Evolution as Philosophy

Originally published in Creation 4, no 3 (October 1981): 33-34.

Why in our sophisticated and technically advanced culture should a significant group of secularly educated Christians be in rebellion against the teaching of evolution, a concept which has been incorporated into the faith of a large segment of the Christian community?

It is to help answer this question that this article has been written.

Many of these Christians have been educated in the most respected universities of Australia, England and the United States of America. Some are lecturers in these universities. Many are researchers and teachers. These Christians are a concern, particularly to the non-Christian academic community, because of their stand in favour of the literal Biblical Creation account. They are a concern to the secular humanist and to his educational system because of their persistence in bringing the Biblical Creation account into the classrooms as a viable alternative theory of origins.

According to Professor Peter Medawar:

For a biologist the alternative to thinking in evolutionary terms is not to think at all.

What Medawar has really said is that for himself and those colleagues of similar religious pre-suppositions, the idea of thinking in terms of an infinite Creator instead of an infinite process, of a sovereign God, instead of chance and time; of an immutable Lawgiver, instead of immutable natural laws, is totally unacceptable. These scholars must assign to Creation the eternal and infinite characteristics of the Creator, just as the wise men, intellectuals and priests of the ancient Egyptian, Chaldean, Persian, Greek and Roman cultures did before them. As for the concept of a personal, loving, heavenly Father:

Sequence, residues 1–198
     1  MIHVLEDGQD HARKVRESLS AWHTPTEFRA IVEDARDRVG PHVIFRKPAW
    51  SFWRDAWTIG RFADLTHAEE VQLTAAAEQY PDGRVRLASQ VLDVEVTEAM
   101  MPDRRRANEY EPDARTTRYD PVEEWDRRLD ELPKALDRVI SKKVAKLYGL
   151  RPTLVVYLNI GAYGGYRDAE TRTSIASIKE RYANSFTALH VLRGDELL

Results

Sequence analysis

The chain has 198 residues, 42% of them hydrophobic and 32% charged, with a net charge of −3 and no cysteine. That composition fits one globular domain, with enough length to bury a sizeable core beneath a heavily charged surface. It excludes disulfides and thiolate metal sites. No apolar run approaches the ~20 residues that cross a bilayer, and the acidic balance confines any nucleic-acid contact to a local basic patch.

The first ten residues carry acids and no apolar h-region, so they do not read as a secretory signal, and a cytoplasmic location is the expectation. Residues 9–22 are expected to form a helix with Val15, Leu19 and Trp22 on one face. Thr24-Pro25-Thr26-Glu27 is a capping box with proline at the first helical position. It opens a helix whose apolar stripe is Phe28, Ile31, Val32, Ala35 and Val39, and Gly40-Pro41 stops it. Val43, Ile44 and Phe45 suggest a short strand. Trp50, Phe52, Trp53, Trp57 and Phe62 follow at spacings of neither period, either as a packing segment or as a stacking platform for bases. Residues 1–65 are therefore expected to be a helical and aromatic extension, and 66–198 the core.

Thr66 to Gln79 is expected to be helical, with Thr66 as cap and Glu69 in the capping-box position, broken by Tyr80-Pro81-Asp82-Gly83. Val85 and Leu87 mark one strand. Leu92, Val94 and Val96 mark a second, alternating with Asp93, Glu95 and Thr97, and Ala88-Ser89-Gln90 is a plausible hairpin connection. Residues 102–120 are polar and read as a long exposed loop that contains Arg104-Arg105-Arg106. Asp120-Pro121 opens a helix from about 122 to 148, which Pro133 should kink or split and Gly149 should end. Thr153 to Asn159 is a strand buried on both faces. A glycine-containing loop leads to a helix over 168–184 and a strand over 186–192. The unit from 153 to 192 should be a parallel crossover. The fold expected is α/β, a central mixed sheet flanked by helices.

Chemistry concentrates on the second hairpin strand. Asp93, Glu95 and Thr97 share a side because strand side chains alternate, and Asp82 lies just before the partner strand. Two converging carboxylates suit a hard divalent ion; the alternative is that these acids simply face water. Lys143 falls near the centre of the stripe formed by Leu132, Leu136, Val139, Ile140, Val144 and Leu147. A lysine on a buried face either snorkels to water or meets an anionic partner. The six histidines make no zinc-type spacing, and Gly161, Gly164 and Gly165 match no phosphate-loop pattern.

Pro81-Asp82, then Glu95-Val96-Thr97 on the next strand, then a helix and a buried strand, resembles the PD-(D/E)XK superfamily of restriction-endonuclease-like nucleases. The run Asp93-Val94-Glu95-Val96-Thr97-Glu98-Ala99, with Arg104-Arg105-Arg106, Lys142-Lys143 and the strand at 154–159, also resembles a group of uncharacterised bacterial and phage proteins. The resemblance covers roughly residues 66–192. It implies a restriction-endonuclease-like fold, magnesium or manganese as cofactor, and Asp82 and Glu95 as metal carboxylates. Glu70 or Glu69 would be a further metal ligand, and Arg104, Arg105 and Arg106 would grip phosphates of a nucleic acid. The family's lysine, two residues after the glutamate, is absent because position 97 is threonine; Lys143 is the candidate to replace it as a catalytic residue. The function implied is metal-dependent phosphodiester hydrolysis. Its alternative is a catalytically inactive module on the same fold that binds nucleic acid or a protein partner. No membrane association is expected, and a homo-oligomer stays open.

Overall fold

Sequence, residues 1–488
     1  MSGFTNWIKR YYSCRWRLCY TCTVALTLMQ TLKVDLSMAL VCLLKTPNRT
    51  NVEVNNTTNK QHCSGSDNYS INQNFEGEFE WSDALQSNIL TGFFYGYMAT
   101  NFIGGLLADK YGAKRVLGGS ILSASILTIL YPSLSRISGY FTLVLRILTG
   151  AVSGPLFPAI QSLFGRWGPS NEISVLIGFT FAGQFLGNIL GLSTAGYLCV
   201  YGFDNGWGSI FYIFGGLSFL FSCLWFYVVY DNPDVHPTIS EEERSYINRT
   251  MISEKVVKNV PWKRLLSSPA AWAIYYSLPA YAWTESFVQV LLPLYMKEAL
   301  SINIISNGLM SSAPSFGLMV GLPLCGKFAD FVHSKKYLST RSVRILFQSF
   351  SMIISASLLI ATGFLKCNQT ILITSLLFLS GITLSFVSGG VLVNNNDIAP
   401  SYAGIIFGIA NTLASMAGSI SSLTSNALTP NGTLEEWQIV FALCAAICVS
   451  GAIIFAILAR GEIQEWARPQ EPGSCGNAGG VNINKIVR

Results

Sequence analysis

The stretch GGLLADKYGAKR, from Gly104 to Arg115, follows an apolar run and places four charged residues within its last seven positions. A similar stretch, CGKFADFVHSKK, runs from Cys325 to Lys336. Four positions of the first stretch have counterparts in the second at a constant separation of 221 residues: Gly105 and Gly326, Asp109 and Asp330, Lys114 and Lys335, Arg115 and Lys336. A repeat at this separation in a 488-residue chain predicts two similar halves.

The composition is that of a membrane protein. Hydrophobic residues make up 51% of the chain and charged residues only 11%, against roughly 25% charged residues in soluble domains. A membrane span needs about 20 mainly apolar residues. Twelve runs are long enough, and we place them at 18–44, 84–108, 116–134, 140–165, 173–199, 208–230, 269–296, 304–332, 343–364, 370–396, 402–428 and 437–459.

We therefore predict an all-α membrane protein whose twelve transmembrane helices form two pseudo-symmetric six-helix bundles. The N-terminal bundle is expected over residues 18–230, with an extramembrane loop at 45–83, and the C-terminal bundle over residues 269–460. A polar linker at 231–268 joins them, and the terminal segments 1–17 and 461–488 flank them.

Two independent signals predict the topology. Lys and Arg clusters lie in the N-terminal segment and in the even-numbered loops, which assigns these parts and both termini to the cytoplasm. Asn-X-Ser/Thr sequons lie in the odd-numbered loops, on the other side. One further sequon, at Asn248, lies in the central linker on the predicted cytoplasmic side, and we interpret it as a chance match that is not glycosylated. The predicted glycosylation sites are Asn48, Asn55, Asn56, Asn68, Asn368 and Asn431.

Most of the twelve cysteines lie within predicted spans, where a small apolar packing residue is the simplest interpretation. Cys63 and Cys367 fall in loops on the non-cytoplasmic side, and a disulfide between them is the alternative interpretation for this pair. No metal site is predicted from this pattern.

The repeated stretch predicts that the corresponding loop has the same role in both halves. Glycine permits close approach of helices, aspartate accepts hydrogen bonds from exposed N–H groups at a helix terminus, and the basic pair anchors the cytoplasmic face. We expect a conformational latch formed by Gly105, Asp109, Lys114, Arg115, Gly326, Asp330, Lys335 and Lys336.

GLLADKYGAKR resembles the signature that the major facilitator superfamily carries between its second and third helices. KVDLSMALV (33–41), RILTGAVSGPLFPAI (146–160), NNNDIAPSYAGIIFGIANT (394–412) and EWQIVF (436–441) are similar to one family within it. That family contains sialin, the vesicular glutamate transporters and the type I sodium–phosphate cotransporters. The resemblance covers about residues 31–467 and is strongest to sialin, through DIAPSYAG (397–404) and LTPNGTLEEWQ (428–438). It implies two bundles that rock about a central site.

How can the mind of man which has, as I fully believe, been developed from a mind as low as that possessed by the lowest animals, be trusted when it draws such grand conclusions? . . . Would anyone trust in the convictions of a monkey’s mind if there are any convictions in such a mind?

So thought Charles Darwin.

In one of the local news agencies I recently picked out a school project resource material book entitled Early Man. The author makes the following statement;

Man did not descend from apes in the same way as children descend from their parents. They could be called very, very distant cousins who might have come from the same family grouping millions and millions of years ago.

We have observed what elements of religious faith lie behind the above instruction for children, but what can be said about the philosophical implications of such statements?

R.L. Wysong in his book, The Creation-Evolution Controversy, gives the following example of a university student’s analysis of the philosophical implications of evolution:

Animals are our relatives, everybody knows that. They’re here as a result of blind, purposeless forces and so are we. Who is to dictate what is right or wrong for us?

If man is the result of an impersonal process, plus time, plus chance, what can be said then about his intrinsic worth? It is not surprising that behaviourists like B.F. Skinner, who have had no small impact on teacher training and education theory, think of the individual as a machine whose net worth depends solely on how “it” is programmed by the environment.